CHICAGO – Boeing Co chief executive Phil Condit said on Monday it was still possible for the world's largest commercial airplane maker to have 2002 earnings higher than those that will be posted for 2001.
Boeing initially gave that outlook earlier this year, and it is sticking by the comments at least for now, despite announcing last week reduced jet delivery forecasts and plans for major layoffs.
According to Thomson Financial/First Call, which tracks earnings estimates, the consensus for Boeing's 2002 earnings is 3.44 per share, while 2001 is pegged at 3.64 per share.
In 2000, Boeing earned $2.84 per share on revenues of about $51 billion, according to First Call, or $2.44 on a diluted basis, according to Boeing. First Call puts the 2003 consensus at $3.50 per share.
Condit told reporters at a press reception at the new Boeing world headquarters here that the higher earnings are still possible even though the commercial airplane business is going through a significant downturn and all U.S. airlines are under tremendous financial pressure.
Chief financial officer Mike Sears cautioned that ``we don't have a good enough handle on how far commercial (airplanes are) going to go down'' and said the 2002 outlook will depend on what happens.
Boeing cut its jet delivery forecast last week, saying it expected to deliver about 400 jets in 2002 from an earlier estimate of 510 to 520. It has not given 2003 projections.
Like others scrambling to forecast travel demand in a time of incredible uncertainty, Boeing is looking for clues where it can. The company last week said it would lay off 20,000 to 30,000 workers by the end of 2002 to cope with the downturn. No charges to earnings are foreseen because of that action, Sears said. Some workers could be recalled if needed.
GULF WAR USED FOR GUIDANCE
Condit said the company is using the Gulf War as a benchmark of sorts to try to figure out when demand for air travel will pick up. It took about a year for travel to return to levels prior to the Gulf War, he said. In the following period, Boeing lost about 500 deliveries of commercial jetliners, Condit said.
He estimated about 900 airplanes would be parked because of excess airline capacity in the face of sharply lower demand for travel following the crashes of four hijacked planes on September 11 which killed all aboard and thousands more in New York's World Trade Center and the Pentagon (news - web sites).
Condit said Boeing's military business could potentially offset the downturn in commercial jetliners, but declined to be specific on potential revenues or earnings gains.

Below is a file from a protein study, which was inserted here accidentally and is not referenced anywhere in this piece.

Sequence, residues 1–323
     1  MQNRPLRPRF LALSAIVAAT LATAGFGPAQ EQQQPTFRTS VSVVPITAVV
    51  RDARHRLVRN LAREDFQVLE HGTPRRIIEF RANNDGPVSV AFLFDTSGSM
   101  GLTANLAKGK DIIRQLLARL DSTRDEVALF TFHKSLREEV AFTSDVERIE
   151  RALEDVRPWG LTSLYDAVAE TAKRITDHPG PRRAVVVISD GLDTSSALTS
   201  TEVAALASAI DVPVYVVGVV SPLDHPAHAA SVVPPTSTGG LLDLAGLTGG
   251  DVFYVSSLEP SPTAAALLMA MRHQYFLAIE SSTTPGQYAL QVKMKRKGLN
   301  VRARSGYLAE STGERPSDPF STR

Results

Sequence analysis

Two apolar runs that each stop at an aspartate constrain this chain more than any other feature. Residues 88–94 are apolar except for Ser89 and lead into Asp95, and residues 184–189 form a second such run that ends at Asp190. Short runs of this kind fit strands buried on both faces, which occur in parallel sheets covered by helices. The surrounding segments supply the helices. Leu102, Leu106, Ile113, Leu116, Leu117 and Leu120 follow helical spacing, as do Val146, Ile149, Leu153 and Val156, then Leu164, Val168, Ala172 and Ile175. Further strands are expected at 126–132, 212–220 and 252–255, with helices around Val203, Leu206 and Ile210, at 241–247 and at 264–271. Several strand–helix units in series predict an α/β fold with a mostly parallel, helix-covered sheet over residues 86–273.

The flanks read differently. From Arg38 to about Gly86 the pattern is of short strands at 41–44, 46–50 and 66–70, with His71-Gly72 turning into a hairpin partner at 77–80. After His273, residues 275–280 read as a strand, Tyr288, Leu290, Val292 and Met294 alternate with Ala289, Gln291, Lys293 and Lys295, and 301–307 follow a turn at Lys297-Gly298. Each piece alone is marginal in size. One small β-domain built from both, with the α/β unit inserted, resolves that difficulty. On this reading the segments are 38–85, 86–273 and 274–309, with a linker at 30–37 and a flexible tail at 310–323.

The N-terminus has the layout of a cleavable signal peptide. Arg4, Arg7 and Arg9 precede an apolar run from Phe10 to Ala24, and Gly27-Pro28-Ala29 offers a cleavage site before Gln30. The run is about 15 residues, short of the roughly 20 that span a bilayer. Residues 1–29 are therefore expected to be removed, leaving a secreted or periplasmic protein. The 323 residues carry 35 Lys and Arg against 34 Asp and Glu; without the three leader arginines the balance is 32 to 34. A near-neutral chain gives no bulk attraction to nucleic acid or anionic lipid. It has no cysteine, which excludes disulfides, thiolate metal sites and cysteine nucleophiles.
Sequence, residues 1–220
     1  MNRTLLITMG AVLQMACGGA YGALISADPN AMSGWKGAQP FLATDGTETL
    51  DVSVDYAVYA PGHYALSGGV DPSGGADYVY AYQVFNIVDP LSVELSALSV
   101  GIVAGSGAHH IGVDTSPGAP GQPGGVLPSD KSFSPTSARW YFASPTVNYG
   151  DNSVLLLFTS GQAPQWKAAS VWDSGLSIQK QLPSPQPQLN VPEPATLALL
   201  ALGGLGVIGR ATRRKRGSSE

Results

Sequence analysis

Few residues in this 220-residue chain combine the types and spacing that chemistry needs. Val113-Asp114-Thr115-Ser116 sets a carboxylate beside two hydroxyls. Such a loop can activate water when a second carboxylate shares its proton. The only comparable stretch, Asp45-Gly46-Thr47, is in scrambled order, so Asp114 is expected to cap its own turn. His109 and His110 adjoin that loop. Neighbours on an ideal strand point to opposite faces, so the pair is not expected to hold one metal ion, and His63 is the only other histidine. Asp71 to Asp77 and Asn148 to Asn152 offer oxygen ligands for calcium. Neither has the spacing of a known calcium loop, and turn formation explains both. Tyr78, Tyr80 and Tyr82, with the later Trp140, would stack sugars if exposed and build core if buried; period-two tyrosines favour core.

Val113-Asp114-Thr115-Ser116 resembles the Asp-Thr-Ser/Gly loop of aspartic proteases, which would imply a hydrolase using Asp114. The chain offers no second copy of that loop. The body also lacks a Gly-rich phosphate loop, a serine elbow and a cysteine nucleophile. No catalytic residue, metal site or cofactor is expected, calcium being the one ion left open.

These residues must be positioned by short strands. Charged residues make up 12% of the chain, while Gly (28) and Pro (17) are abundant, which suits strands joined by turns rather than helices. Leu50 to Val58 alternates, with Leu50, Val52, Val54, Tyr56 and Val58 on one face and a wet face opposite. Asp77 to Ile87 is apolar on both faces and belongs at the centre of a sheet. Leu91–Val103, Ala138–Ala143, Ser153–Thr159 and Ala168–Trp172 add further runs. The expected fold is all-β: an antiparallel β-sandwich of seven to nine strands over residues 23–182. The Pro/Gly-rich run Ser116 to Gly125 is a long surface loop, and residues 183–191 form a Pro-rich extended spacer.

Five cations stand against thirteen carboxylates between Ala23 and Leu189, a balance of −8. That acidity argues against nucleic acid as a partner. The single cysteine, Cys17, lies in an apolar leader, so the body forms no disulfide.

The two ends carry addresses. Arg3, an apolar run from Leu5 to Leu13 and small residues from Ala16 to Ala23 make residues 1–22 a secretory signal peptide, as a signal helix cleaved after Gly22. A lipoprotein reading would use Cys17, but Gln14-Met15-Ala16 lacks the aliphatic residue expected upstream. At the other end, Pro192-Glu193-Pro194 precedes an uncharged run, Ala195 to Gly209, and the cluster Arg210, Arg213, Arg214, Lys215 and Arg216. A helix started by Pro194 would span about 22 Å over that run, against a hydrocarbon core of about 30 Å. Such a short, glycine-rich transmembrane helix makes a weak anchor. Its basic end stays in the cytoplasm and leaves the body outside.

Among Boeing military products that could be needed in the near term are C-17 planes, tankers and satellites, Condit said. ''There's a range and they're all in play,'' he said.
Regarding the likelihood Boeing would win the coveted Joint Strike Fighter contract, so far still set to be awarded October 26, Condit said: ``We intend to win.''
Boeing is competing with No. 1 U.S. defense contractor Lockheed Martin Corp for the winner-take-all next generation fighter plane that is worth an initial $200 billion and perhaps up to half a trillion dollars.
Boeing Capital Corp is talking with a lot of airlines about the potential for lending financial help, but only when it makes sense from a business standpoint, Sears said, adding, ''We're not going to keep airlines afloat.''
While it is still too early to tell how travel will pick up, Condit said so far ``there appears to be a recovery at this point from a very deep hole.'' The worse case scenario for Boeing going forward would be if there were a series of attacks that continued to depress travel demand, he said.
There are still airlines taking deliveries of planes, Condit said, but Boeing is closely monitoring daily traffic flows. If travel remains depressed, airlines can ``go through cash very fast,'' he noted.
Condit said he never expected Boeing jets to be used as a weapon of destruction as they were on the Trade Center and Pentagon. ``That was one of the hardest parts for me, watching that event,'' he said.
Boeing has its own special intelligence gathering personnel who are helping in the government's investigation to ferret out those responsible, Condit added.